The poverty caused by Mugabe in Zimbabwe is pushing people further south into South Africa where they are being attacked, at least 22 have died in the vigilante raids.

What is surprising is that these attacks have been called xenophobic in nature. This in a country that only recently emerged from apartheid. Are these refugees the cause of the economic problems that are seen in South Africa today? This certainly doesn’t seem the country that welcomed such historic figures like Nelson Mandala into her bosom.

The front page news shows a man being burned alive. Many rapes have been reported and, what is called, opportunistic crimes – such as looting. The police so overwhelmed with the rioting have had to call in reservists from the local area as well as some from neighbouring areas. Is this the South Africa that had calmed itself with the presidency of Mandala? When you look at the pictures it seems not.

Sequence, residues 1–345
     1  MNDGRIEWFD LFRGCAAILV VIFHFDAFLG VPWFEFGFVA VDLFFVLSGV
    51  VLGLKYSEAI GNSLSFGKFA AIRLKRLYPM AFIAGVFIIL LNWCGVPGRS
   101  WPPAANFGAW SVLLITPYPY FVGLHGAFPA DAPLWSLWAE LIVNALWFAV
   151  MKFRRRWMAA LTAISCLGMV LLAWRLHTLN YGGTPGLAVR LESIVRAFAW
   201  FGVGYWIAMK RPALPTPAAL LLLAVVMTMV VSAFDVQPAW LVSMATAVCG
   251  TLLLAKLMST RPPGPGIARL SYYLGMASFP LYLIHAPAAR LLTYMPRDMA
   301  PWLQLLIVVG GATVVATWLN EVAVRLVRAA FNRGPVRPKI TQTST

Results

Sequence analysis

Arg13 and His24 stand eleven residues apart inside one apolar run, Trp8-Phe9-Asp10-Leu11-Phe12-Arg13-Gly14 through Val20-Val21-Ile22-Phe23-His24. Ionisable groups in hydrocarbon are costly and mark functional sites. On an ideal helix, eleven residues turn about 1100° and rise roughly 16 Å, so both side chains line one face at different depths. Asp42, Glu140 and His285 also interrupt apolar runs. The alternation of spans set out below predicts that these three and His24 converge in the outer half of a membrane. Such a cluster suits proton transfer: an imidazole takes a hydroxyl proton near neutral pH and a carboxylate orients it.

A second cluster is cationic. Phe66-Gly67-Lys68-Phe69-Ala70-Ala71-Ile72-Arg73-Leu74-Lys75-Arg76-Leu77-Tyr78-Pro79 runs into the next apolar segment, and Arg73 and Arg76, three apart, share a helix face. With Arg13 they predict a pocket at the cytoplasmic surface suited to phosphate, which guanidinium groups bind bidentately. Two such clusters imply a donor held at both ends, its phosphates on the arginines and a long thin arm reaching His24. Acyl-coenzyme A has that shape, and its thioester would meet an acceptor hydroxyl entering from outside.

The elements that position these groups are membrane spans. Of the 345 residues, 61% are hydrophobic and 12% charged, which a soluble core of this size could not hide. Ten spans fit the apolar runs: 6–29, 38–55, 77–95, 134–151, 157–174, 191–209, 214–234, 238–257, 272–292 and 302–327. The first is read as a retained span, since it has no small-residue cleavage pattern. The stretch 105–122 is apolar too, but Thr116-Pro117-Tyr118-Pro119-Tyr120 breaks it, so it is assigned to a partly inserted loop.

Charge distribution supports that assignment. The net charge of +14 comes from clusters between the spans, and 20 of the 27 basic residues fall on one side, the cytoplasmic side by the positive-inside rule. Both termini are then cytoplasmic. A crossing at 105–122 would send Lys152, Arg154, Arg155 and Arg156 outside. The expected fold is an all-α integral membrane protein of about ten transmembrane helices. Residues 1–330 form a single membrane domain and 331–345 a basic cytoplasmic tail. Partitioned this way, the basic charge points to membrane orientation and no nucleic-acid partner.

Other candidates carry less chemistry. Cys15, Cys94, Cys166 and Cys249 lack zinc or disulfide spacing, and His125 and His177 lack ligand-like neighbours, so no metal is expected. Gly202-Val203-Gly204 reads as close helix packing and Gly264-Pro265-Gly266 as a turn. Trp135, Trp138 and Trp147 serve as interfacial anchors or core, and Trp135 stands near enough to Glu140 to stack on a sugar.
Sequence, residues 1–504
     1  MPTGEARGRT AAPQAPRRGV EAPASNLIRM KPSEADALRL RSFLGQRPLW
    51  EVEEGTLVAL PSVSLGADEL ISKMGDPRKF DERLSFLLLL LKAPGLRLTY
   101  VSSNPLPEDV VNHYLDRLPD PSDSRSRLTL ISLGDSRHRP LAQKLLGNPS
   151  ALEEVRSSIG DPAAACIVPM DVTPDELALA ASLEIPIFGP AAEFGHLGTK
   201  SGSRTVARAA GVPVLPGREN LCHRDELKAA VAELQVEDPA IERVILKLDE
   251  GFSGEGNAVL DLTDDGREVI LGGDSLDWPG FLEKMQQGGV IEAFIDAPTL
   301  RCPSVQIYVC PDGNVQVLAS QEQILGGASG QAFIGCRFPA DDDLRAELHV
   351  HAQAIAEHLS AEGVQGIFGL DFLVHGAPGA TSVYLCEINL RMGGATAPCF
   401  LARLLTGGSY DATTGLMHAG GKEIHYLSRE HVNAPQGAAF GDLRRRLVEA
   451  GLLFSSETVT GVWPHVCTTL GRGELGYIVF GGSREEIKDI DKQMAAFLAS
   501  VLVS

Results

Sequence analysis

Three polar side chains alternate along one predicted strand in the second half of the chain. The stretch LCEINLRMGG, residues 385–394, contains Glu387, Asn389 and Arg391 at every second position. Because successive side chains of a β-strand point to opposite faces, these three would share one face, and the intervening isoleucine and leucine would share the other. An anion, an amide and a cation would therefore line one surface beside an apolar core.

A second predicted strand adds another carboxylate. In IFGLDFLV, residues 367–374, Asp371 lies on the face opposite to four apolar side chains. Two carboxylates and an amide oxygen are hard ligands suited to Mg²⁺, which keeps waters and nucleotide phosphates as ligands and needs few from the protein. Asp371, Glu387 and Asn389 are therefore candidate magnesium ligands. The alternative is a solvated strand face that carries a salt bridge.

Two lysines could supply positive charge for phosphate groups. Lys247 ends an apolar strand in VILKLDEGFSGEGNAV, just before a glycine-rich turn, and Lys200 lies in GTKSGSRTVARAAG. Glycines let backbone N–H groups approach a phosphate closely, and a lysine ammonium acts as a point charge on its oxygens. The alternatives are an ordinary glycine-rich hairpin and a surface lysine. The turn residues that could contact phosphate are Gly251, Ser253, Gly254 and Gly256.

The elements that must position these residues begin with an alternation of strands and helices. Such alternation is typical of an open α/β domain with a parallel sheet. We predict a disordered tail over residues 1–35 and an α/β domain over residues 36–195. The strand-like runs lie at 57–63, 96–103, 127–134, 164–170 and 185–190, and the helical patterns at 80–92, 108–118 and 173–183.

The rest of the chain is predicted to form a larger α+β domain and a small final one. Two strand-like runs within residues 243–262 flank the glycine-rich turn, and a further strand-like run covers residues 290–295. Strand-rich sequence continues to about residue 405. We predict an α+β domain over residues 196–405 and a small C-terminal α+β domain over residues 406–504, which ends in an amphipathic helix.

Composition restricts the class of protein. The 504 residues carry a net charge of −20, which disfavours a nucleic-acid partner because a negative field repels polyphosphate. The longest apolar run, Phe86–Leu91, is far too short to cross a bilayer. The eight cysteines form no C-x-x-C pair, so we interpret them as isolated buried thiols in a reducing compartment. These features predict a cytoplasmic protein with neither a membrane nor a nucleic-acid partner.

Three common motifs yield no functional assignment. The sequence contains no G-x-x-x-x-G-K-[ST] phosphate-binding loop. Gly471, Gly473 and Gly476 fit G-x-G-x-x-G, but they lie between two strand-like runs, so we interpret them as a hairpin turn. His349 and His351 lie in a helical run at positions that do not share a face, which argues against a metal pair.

“We’re not talking about xenophobia, we’re talking about criminality,” said police spokesman Govindsamy Mariemuthoo.

He said police reservists and officers from other regions had been called in to help quell the violence, reports the AP news agency.

A country as prosperous as South Africa should be a shining beacon to the other nations on the continent; but as we see the world over where wealth is apparent migrants will follow.

The poverty in Zimbabwe is sending those who feel real fear for their lives to a country that they felt would be safe. Yet is violence on this scale justified? From what all sides of the political spectrum in South Africa say, it is not.

The leader of the governing African National Congress, Jacob Zuma, has also condemned the attacks.

“We cannot allow South Africa to be famous for xenophobia,” he told a conference in Pretoria.

It certainly can’t. That would overturn all the work of the great and good. And South Africa knows that a world is watching.

To read more of what Will Rhodes writes you can take a look at his blog. The Will Rhodes Portmanteau.

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